What Paperwork Do I Need to Sell My Car Privately?

You're better off selling your car on the private market instead of selling it to a dealer. For one thing, you'll get a lot more money for it. You'll also need to manage the documentation associated with the private sale process. Don't worry: it's not that bad.

Here’s what paperwork you need to sell your car privately (and how PrivateAuto makes the process easy, secure, and fast).
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Documentation Doesn’t Vary Based on Payment Type

Required documentation doesn't change based on the payment method you choose to accept. Whether you're accepting cash, a cashier’s check, or some other form of payment, you’ll still need the exact same set of documents.

For example, just because you're getting paid via cashier's check, that doesn't mean the bank records will suffice for recording the sale. Always read up on what your state requires before you list your car for sale.
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What Documents Do You Need to Sell a Car Privately?

The documents you need to sell a car differ from state to state. Most states require at least two documents:
1. Certificate of Title
2. Release of Liability

Some states require additional documents, such as a bill of sale. No matter your state, PrivateAuto helps you keep track of all the documents and makes the process quick, simple, and intuitive.

Certificate of Title

The most important document you need is a proof of ownership called the Certificate of Title. It’s legal proof that you own the vehicle and have the right to sell it.

If you still owe on a car loan, the car title will have a lien, meaning the bank has the right to take possession of the car if you stop making payments on the loan. It’s best to pay off any car loans and sell with a clean title.

If you plan to use money from the sale to pay off the loan, you won’t be able to transfer ownership of the car’s title until you pay it off and get a lien release. So, you'll need to inform the buyer accordingly.

When selling, you’ll need to complete the notice of transfer section on the title. In most states, the notice of transfer section is on the back of the certificate. In a few states, you might find it on the front side, usually at the bottom.

Typically, the info you need to include is:

Your name and address
Buyer’s name and address
Odometer reading (cars 10 years and older are exempt)
Signatures of both you and the buyer

Check with your local DMV to see if your state requires you to have the signatures notarized.

Odometer Disclosure

Most of the time, you won’t need a separate document for the odometer disclosure because the odometer reading on the title will do. However, if there’s no room for it on the title, you’ll need a separate Odometer Disclosure statement. Some states may also require a separate odometer disclosure form. Check your local DMV website for the form that meets your state’s requirements.

Service Records

Service records aren’t required by law, but they help reveal the true value of your car. Typically, car values are higher for vehicles that are regularly maintained and have proof of it in the form of maintenance records.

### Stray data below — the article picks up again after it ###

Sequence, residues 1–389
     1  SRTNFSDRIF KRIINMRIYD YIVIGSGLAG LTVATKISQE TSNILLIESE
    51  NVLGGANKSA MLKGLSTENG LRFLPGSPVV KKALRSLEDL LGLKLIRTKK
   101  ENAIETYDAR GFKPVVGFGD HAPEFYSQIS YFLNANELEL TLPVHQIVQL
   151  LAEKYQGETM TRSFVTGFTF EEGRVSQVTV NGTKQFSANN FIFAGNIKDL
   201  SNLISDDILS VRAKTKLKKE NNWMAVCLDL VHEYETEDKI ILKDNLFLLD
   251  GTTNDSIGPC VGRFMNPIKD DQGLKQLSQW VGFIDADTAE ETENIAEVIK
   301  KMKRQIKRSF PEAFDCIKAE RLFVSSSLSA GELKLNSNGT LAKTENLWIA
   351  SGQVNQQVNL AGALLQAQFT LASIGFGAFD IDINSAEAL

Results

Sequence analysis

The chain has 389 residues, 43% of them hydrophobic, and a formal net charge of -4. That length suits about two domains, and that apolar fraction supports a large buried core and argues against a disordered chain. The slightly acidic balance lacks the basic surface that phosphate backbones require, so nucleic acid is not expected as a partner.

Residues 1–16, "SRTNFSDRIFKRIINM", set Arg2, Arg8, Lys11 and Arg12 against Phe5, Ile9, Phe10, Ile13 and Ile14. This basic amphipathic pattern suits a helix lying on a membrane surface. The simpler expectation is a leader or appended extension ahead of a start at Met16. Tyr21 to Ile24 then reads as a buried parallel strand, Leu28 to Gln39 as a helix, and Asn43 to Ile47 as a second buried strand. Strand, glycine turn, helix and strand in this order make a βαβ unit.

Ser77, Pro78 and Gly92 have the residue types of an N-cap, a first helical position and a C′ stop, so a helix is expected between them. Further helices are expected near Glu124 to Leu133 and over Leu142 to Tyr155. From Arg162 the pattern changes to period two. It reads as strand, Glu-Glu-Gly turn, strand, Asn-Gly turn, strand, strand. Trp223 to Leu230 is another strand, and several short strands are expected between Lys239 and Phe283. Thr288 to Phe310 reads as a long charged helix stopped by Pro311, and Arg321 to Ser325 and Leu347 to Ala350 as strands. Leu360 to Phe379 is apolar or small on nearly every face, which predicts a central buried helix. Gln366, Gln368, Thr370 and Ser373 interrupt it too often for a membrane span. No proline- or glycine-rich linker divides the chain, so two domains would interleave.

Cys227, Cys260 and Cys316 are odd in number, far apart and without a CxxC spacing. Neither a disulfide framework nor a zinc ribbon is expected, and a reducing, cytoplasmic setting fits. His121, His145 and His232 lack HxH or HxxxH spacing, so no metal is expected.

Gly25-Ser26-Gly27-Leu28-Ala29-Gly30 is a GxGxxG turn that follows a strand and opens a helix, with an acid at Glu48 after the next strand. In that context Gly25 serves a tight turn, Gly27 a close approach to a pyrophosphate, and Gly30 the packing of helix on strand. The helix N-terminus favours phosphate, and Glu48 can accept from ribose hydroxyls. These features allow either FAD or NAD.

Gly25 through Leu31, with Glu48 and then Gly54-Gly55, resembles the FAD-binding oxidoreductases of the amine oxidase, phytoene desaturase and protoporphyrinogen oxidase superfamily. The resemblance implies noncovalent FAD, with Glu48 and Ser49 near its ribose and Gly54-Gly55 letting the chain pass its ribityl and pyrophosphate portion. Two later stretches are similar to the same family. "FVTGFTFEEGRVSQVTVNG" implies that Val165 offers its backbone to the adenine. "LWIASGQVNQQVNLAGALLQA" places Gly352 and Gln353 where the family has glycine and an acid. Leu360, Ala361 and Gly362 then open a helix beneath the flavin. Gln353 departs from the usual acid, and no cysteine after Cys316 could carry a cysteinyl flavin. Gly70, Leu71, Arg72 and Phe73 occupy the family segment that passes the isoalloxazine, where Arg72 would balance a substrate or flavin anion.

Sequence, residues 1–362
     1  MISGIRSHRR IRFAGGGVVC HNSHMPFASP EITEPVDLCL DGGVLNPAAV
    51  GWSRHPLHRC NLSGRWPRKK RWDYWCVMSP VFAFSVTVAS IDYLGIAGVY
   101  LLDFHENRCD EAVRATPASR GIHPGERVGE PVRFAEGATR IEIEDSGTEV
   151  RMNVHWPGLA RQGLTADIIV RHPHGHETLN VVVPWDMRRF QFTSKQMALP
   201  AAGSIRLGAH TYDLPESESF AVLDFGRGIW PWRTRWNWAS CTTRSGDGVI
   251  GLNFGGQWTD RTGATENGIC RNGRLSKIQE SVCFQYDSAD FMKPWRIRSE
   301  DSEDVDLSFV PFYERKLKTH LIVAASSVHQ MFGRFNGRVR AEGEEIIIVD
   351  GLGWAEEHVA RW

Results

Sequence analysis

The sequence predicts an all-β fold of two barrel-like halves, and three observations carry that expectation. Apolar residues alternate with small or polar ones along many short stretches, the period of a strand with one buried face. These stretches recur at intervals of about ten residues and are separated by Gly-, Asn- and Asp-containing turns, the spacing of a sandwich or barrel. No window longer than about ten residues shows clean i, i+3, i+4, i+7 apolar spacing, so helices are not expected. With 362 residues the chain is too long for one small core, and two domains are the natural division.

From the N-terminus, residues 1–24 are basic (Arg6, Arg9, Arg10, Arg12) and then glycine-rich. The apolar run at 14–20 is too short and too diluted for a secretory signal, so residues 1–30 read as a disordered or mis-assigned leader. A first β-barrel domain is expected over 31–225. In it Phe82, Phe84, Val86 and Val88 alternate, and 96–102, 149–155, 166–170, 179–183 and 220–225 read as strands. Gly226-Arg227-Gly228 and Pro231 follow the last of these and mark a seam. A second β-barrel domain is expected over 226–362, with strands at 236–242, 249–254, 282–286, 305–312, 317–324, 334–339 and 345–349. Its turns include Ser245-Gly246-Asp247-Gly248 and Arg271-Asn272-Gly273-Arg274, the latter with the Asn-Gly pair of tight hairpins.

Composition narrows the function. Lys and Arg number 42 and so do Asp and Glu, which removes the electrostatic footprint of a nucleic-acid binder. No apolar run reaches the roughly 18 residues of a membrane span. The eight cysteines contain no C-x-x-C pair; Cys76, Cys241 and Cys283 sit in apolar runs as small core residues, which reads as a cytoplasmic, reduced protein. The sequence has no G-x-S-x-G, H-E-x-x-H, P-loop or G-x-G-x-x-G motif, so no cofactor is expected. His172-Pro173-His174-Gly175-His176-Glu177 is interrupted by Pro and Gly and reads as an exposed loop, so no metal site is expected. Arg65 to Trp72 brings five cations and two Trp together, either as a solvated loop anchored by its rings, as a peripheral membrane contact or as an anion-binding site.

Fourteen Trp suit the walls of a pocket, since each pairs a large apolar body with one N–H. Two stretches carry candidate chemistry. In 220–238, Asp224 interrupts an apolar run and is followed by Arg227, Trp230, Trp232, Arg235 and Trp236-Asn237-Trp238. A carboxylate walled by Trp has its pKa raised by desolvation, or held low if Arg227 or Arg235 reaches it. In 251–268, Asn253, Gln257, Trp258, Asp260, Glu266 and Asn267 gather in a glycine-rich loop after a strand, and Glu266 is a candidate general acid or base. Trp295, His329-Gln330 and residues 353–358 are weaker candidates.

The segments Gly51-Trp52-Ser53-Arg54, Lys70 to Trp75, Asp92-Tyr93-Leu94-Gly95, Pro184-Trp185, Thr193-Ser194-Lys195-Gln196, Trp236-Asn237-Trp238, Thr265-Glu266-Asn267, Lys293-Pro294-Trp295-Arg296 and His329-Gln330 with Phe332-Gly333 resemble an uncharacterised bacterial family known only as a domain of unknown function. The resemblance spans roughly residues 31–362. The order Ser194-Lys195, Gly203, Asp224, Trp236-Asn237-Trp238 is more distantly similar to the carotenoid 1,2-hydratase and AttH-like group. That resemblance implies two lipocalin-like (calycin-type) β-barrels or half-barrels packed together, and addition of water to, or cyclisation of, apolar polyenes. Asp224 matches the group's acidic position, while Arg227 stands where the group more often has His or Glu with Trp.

Car buyers also feel more confident buying from a private party if they show that they’ve kept up with routine maintenance by having maintenance records. If you have "full service records available," you should emphasize that in your listing.

PrivateAuto provides a vehicle history report with every premium listing, so potential buyers can feel confident about your vehicle's service history and other issues.

Vehicle History Report

A vehicle history report reveals important info about your car’s past, such as:

Accidents reported
Vehicle reported stolen
Fire or flood damage
Total loss insurance claim
Odometer discrepancies
Other vital info

Similar to the inspection report and service records, a vehicle history report helps build trust with potential buyers. We've partnered with AutoCheck for vehicle history reports.

Warranty Documents

When selling a car privately, your offer might be more attractive if you have a transferable used car warranty:

Remaining factory warranty documents: Many factory warranties can transfer to a new owner. Usually, transfers only apply to warranties originally issued for 5 years or less. Warranties with longer terms, such as 10-year, 10,000-mile drivetrain warranty, only apply to the original owner.
Extended warranty documents: Even though it’s called a warranty, the Federal Trade Commission (FTC) defines third-party warranties as a service contract. These are agreements where another party pays for repairs. These contracts typically last for 3 years, 5 years, or 7 years. You can transfer most service contracts to a new owner for the same car.
Mechanical breakdown insurance (MBI): This is sometimes called an extended warranty, even though it doesn’t meet the FTC definition. You will pay a monthly premium to cover certain types of mechanical and electrical failures. Some policies closely match a factory bumper-to-bumper warranty.

State and Local Documents

Many states require cars to get emissions testing once a year or once every two years. In some states, a car is required display a decal on the lower part of the windshield to show that it passes inspection. Usually, the inspection is transferable to the new owner.

California requires every buyer to get a smog test and have a smog certification when applying for a title. New Mexico requires an emissions inspection report when purchasing or transferring ownership in Bernalillo County, and Arizona requires the same for vehicles in Tucson and Phoenix.

As a seller, if your car has recently passed required inspections in your state, have the proof of said inspection ready for the buyer.

Bill of Sale